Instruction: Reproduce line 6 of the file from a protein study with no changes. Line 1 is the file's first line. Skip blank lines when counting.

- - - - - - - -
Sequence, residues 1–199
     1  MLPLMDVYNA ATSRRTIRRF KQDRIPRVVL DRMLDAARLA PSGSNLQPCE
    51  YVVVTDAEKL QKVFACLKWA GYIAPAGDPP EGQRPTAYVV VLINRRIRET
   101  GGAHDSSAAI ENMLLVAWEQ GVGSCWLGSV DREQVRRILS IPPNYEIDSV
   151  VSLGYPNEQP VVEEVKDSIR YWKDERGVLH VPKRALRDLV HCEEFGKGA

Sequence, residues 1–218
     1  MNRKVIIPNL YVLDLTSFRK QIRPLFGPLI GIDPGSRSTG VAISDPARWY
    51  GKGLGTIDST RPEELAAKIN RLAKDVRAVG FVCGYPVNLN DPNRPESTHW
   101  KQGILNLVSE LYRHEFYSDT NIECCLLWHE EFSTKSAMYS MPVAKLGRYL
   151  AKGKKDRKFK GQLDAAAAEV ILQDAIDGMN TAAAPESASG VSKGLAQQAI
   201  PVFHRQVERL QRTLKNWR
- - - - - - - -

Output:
Sequence, residues 1–218